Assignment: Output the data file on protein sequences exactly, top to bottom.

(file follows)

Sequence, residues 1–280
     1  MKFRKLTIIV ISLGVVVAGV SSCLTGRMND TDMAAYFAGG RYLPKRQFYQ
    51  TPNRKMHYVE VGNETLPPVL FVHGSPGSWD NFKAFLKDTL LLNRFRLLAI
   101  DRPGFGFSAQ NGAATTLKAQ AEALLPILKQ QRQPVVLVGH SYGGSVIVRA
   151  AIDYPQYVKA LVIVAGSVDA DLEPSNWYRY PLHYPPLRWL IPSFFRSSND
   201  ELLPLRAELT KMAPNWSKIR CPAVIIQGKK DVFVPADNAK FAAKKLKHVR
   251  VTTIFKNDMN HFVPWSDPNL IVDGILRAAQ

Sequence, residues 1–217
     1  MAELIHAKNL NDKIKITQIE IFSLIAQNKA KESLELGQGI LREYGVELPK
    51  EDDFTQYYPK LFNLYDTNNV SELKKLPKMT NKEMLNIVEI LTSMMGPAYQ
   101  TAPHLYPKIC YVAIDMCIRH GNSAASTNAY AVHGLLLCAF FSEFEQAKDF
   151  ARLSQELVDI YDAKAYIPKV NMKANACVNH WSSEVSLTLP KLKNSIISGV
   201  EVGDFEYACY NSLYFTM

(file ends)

Sequence, residues 1–280
     1  MKFRKLTIIV ISLGVVVAGV SSCLTGRMND TDMAAYFAGG RYLPKRQFYQ
    51  TPNRKMHYVE VGNETLPPVL FVHGSPGSWD NFKAFLKDTL LLNRFRLLAI
   101  DRPGFGFSAQ NGAATTLKAQ AEALLPILKQ QRQPVVLVGH SYGGSVIVRA
   151  AIDYPQYVKA LVIVAGSVDA DLEPSNWYRY PLHYPPLRWL IPSFFRSSND
   201  ELLPLRAELT KMAPNWSKIR CPAVIIQGKK DVFVPADNAK FAAKKLKHVR
   251  VTTIFKNDMN HFVPWSDPNL IVDGILRAAQ

Sequence, residues 1–217
     1  MAELIHAKNL NDKIKITQIE IFSLIAQNKA KESLELGQGI LREYGVELPK
    51  EDDFTQYYPK LFNLYDTNNV SELKKLPKMT NKEMLNIVEI LTSMMGPAYQ
   101  TAPHLYPKIC YVAIDMCIRH GNSAASTNAY AVHGLLLCAF FSEFEQAKDF
   151  ARLSQELVDI YDAKAYIPKV NMKANACVNH WSSEVSLTLP KLKNSIISGV
   201  EVGDFEYACY NSLYFTM